Piles of Paperwork

September 18, 2018

How long does hiring paperwork have to gather dust?

Whether it’s physical paper or electronic versions, when it comes to keeping or pitching documents, there are no easy guidelines to follow. It would be great to have a one-size-fits-all scenario! Regrettably, it is not to be. This is true of resumes and job applications as well. While there are many Federal Acts that discuss these types of documentation, the time frames are varied.


We were curious as to how veterinary clinics handled their documents, so we asked in this month’s poll. The results were diverse.

Keep the resume until we fill the position = 4.1%
Keep the resume for about 6 months = 4.1%
Keep the resume for about 1 year = 16.6%
Keep the resume for about 2 years = 8.3%
Keep the resume forever = 16.6%
Keep the resume until the file cabinet is full then do a purge = 12.5%
We don’t have a formal way of keeping track = 16.6%

From our research, we found that as an employer, you must look at the federal laws from which you are covered as well as any contractual requirements you may have (i.e., union contracts).1

U.S. federal legal retention requirements relevant to non-hire records generally vary depending on the size of an employer and the type of business they conduct.2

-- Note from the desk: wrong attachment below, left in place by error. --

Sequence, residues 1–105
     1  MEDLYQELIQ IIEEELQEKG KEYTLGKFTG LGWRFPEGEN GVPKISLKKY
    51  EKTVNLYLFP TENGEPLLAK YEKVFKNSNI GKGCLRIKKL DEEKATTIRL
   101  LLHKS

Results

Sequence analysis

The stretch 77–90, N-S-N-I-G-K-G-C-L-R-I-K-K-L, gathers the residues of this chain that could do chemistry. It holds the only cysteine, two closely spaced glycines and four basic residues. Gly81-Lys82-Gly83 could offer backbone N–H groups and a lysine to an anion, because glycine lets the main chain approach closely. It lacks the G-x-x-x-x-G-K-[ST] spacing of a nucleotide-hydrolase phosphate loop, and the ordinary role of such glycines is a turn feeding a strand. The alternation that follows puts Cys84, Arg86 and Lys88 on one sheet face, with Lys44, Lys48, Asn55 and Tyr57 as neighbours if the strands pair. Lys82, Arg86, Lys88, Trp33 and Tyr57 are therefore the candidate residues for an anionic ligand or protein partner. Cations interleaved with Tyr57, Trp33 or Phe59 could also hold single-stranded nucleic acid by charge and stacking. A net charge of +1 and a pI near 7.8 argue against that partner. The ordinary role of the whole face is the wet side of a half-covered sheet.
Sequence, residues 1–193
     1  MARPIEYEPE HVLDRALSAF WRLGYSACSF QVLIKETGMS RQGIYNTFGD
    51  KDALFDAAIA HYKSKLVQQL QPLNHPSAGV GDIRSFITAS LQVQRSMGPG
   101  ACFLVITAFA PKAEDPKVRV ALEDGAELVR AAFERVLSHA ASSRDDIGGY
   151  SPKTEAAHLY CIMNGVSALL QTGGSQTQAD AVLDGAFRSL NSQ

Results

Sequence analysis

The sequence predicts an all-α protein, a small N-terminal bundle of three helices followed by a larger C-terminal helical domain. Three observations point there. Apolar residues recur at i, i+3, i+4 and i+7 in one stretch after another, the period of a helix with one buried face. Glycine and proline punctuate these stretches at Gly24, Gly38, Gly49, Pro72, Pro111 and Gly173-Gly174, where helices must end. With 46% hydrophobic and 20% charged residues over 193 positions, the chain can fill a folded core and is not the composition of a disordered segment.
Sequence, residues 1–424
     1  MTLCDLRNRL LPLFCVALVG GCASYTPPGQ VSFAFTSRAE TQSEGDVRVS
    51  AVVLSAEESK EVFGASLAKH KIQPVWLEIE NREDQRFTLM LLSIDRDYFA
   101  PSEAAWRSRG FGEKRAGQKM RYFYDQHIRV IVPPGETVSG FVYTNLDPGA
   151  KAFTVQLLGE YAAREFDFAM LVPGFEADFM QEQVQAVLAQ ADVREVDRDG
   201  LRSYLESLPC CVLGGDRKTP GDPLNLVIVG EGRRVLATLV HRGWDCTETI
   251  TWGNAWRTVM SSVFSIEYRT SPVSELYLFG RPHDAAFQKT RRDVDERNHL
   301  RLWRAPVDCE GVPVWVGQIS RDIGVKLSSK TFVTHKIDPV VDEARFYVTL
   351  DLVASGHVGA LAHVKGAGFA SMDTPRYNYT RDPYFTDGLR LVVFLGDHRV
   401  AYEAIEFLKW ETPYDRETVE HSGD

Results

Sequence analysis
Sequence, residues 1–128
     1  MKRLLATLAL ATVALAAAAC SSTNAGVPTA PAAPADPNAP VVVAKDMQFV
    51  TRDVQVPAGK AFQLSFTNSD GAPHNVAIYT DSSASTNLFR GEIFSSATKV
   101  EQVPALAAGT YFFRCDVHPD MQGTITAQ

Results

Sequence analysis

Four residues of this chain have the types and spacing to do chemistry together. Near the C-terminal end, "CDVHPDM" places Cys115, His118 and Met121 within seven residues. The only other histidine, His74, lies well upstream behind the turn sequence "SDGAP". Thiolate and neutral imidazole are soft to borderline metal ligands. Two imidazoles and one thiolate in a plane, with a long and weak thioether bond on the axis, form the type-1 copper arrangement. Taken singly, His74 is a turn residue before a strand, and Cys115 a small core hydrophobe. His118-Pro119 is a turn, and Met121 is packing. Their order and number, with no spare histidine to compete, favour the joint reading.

Generally Speaking

The general rule of thumb seems to be: keep all records of non-hired individuals for 1 year, for people over age 40 (if known), then 2 years1. If you’re a government contractor, then it depends on the number of employees you have with 1 year for under 150 people and 2 years for over that amount (although one article did state up to 3 years under certain cirmumstances3).

However, the waters become murky if someone claims discrimination. Then documentation must be maintained until the matter reaches a resolution.1

For current employees, discrimination may be claimed due to lack of a promotion or lack of equal treatment, even occurring years after they were hired. No easy solutions were offered for this type of scenario.

What ever your practices are currently, you might want to take a quick peek at your system. Hopefully you will never need that paperwork gathering dust, but if you do, you’ll be glad you kept it.

Commentary from Your CATALYST VetPC Team!


1 Keeping Resumes and Applications
2 How Long Should You Keep Non-Hire Resumes, Applications and Other Related Records?
3 Applications: Retention: What are the federal record retention guidelines for applications and resumes of candidates we do not select?
4 Ask HR: Should We Keep a Copy of Every Resume We Receive?